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14 Facts About the Middle Ages That Filmmakers Were So Wrong About

We are used to considering knights to be noble warriors, true examples of honor and courage, while gorgeous ladies are normally perceived by us as fragile and tender creatures who need protection and rescue. It seems that, at those times, men were always ready to sacrifice themselves for a noble goal, while women were patiently waiting behind high castle walls. But are the movies that praise the dignity of medieval heroes that true after all?

We at Bright Side set a goal to learn about whether we should idealize chivalry and how happy the modern human would be if they met a warrior from past centuries.

Knights were far from being romantic and didn’t demonstrate an exclusively courtly love for ladies.

The sublime relationship between knights and the ladies of their hearts did exist in the Middle Ages. But historians find it difficult to say for sure whether the people of that era took these relationships seriously or whether it was just a court game.

Poetic works, which glorified bright feelings, had great success among noble gentlemen, especially at the court of Eleanor of Aquitaine. But it still remains unknown whether aristocrats were trying to bring these fictional relationships into their lives.

Anyone could become a knight.

Not every warrior who showed courage on the battlefield could become a knight. First of all, a young man had to go through arduous training.

Future knights started their training at the age of 7 and boys usually came from aristocratic families. At first, they performed the duties of pages, and from the age of 14, they became squires. The ceremony of being made a knight was held between the ages of 18 and 21.

Still, noble birth and being highly skilled were not enough to become a knight. The young man had to have the funds to buy armor and a horse. If there was no money, he would have to continue his career in another sphere.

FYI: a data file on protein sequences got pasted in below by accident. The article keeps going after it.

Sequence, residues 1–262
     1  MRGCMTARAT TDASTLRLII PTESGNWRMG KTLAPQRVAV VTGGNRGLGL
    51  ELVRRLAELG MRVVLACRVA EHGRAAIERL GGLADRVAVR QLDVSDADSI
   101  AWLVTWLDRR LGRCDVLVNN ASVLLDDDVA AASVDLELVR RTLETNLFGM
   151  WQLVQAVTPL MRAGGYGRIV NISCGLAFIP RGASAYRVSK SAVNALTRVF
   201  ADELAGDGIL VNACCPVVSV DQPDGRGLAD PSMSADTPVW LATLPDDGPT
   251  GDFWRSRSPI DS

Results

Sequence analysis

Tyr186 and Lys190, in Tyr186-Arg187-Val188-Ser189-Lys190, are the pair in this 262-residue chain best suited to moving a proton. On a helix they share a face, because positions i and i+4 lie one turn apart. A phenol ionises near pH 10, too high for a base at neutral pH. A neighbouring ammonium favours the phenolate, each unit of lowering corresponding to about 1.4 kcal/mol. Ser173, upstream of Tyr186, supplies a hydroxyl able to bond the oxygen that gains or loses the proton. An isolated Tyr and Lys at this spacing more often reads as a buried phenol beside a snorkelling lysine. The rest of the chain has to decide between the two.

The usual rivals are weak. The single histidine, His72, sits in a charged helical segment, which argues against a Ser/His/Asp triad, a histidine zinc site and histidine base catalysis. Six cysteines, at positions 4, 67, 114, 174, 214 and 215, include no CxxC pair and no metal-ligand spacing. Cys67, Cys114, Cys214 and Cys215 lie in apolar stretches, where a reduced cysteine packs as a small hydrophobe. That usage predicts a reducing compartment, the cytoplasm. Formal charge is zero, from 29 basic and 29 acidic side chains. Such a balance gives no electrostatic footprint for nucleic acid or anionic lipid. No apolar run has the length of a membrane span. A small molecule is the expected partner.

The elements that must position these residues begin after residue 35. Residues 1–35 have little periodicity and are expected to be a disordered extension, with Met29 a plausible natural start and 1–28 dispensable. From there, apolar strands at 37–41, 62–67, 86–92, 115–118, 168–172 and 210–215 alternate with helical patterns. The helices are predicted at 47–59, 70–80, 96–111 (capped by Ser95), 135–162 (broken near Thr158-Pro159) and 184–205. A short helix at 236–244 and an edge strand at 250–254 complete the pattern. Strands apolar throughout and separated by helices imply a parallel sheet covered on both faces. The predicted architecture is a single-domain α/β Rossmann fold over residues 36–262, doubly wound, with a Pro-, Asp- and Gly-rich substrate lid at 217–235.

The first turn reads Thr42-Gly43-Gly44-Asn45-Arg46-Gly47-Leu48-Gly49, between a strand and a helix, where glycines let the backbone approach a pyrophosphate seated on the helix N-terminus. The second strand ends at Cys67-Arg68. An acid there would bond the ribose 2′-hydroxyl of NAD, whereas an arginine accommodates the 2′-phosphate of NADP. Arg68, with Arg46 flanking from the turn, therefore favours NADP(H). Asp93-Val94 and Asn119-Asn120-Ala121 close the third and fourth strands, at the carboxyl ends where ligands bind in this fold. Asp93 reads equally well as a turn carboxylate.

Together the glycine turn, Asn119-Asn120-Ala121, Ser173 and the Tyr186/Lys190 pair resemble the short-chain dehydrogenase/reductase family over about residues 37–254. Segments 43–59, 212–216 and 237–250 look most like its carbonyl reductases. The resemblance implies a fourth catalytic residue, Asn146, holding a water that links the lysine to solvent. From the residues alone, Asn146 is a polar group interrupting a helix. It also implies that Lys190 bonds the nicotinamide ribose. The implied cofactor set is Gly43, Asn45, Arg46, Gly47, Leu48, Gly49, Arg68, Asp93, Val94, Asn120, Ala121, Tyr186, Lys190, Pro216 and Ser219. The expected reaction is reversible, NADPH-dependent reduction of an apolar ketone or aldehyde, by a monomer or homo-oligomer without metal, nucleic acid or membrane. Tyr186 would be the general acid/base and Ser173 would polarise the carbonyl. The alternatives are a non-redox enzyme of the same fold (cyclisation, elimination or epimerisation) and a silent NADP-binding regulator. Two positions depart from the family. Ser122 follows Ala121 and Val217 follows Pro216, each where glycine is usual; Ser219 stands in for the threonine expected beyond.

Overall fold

Gorgeous ladies played an important role in tournaments.

Of course, beautiful ladies could not appear on the field for tournaments with a spear hanging over their shoulder, however, their role in tournaments was not limited to just choosing the knight that their heart liked. Oftentimes, noblewomen were organizing and sponsoring these tournaments. They were the ones who were choosing an honorable judge and who asked for mercy for warriors who suffered during the battle. Also, they could add additional points to the warriors they liked.

Arguments weren’t just solved by duels.

There were cases when a lady’s honor was defended in a duel. But they were more the exception rather than the rule. It was preferred to solve debatable moments in the court, not with the help of swords. The thing is the outcome of a battle was not enough to close a case and the result could still be disputed later.

Women were not completely defenseless.

Sometimes women were left to manage and run their property when their husbands had to leave home for business, to go to war, or to go to court. In this case, ladies were in charge of defending their homes and land. They could fight off an attack from an enemy army, stave off robbers, or handle an invasion of landless knights. And though women were not given knight titles, they could often fight as well as men.

Knights did not raise their visors to salute someone.

Some think that the modern army salute originated in the Middle Ages. In order to show their good intentions, knights had to lift their visor with their right hand. Thus they were, first of all, showing they were not holding a sword, and second, they were showing their face. This version is quite romantic but not very plausible. It’s more likely that the tradition to salute appeared later in the 17th century when helmets, with and without visors, were no longer being used in the army.

Ladies in the Middle Ages were not powerless.

In Middle Ages, women had more rights and power than in the 19th century. They could inherit property, as well as transfer and sell it. They were in charge of their possessions while their spouse was at war, at court, or went on a crusade.

These things created other complications. Wealthy widows were sometimes targeted by the king or his knights. Women were forced to marry someone so that the suitor could take possession of their property. It was a sneaky but legal way to deprive them of their money and property.